Indirect inputs such as fertilizer or pesticides present significant energy saving potential at the level of agricultural production. Here, the so-called Conservation Agriculture offers effective approaches: This concept refers to measures helping to maintain and improve soil quality. Thus, crop rotations, e.g. by planting legumes and the associated availability of nutrients, as well as ploughless soil cultivation can improve soil fertility. On the one hand this leads to a decreasing demand for energy-intensive manufactured fertilizers, and on the other hand reduces direct energy inputs, e.g. due to the reduced diesel consumption.

Irrigation systems present one of many examples. Irrigated agriculture is a crucial part of global agriculture, increasing productivity significantly. However, it is under pressure to adopt best practices to improve efficiency in terms of water use and energy costs.

Further areas for energy saving potentials within agriculture and energy are the diesel efficiency in agriculture and transport. The largest demand in the field of agricultural production refers to optimized irrigation technologies, such as solar pumps. Thereby, the focus is particularly on the fruit and vegetable sector.

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Food Processing Industry

A larger demand for measures in the fields of energy efficiency and renewable energies was registered from agricultural production than from the food processing industry. Cooling and heating constitute examples. For instance, greenhouse heating can be essential for the year-round production of fruit, vegetables or flowers. Temperature controlled storage and refrigeration systems are also crucial for example in the horticulture and vegetable industry, but consume considerable amounts of electricity. According to Bundschuh and Chen (2014[4]) improvements to technical elements and operation of modern refrigeration systems have the potential to reduce energy consumption by 15-40%.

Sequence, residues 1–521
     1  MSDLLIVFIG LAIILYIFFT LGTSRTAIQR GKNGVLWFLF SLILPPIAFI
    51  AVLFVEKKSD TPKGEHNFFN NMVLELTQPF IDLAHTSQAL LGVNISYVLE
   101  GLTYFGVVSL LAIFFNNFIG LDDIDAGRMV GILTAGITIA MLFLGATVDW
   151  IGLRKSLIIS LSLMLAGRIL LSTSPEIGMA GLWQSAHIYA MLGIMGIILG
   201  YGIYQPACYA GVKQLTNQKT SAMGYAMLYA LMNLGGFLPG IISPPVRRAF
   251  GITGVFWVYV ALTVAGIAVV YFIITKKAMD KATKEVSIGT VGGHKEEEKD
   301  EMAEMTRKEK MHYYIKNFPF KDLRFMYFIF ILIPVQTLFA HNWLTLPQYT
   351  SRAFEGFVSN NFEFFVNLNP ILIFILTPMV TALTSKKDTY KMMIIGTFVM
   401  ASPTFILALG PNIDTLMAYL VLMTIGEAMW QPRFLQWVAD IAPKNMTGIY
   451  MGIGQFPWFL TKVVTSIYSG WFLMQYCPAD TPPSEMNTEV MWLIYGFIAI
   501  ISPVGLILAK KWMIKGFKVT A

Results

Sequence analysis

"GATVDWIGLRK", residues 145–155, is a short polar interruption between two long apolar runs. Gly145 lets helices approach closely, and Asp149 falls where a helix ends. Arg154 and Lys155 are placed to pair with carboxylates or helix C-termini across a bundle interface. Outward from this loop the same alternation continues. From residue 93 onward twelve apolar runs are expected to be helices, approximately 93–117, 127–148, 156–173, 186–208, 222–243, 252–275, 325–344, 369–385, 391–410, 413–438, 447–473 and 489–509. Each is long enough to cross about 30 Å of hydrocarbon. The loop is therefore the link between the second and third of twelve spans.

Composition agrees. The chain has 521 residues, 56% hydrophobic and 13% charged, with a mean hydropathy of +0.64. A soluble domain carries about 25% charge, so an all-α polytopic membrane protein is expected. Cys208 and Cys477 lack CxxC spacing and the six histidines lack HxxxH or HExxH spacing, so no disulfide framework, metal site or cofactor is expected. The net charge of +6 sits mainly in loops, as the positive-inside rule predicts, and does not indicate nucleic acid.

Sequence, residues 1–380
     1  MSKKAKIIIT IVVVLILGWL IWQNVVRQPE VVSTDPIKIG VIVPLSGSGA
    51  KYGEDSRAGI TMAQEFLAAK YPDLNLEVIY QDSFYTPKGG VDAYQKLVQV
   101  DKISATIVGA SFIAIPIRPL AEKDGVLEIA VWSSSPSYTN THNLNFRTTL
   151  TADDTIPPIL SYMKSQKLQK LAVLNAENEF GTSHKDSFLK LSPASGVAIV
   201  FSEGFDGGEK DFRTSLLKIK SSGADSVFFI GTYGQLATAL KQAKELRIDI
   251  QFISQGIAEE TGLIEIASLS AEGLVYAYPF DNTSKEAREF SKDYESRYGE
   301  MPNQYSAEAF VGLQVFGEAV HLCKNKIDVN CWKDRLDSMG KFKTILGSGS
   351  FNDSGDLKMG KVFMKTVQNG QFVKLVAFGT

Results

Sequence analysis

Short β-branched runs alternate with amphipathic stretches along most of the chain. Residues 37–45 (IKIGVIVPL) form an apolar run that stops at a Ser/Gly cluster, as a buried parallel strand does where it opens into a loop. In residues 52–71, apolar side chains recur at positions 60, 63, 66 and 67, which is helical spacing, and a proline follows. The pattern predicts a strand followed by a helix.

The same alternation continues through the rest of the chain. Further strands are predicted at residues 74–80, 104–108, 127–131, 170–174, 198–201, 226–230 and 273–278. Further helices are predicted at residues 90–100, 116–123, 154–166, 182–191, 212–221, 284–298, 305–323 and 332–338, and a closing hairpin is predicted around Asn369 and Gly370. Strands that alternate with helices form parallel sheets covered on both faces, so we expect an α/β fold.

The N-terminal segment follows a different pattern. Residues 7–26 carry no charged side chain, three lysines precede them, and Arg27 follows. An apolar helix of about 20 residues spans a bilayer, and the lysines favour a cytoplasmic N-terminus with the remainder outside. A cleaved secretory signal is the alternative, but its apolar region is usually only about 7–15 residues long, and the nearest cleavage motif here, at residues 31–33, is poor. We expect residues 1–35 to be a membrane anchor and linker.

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Identification of Energy Saving Potentials

Based on this demand three possible approaches can be identified: a regional focus, a focus on value chains as well as a process-oriented focus.

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Regional Approach

Regional Approach to Powering Agriculture.png

The largest potentials are to be located primarily in Asia and Africa, but also in Latin America. Using the example of the hotspot of Southeast Asia it becomes clear that there is a diverse range of possible regional contact points for future studies and activities in the field of renewable energies and energy efficiency.

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Value Chain Approach

Value Chain Approach to Powering Agriculture.png

Especially, the following value chains offer optimization potentials: rice, tea, vegetables /fruits, cocoa, coffee, palm oil, cashew, forestry, fish. The example of the fruits and vegetable value chains shows evidently that in addition to the above listed irrigation, also cooling, processing and energetic use of waste materials offer energy saving potentials.

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Process-oriented Approach

Process Approach to Powering Agriculture.png

In terms of value chain processes, potential for optimized energy use are particularly to be found in irrigation, drying, cooling, storage, and packaging mills. The example of drying shows that a deeper analysis on this topic can connect numerous value chains and target countries.

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Project Examples

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Further Information

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  1. GIZ, Energy Efficiency.
  2. FAO, 1991. Energy for sustainable rural development Projects.
  3. FAO, 2011: “Energy-smart” food for people and climate – Issue Paper:
  4. Jochen Bundschuh & Guangnan Chen, 2014. Sustainable Energy Solutions in Agriculture.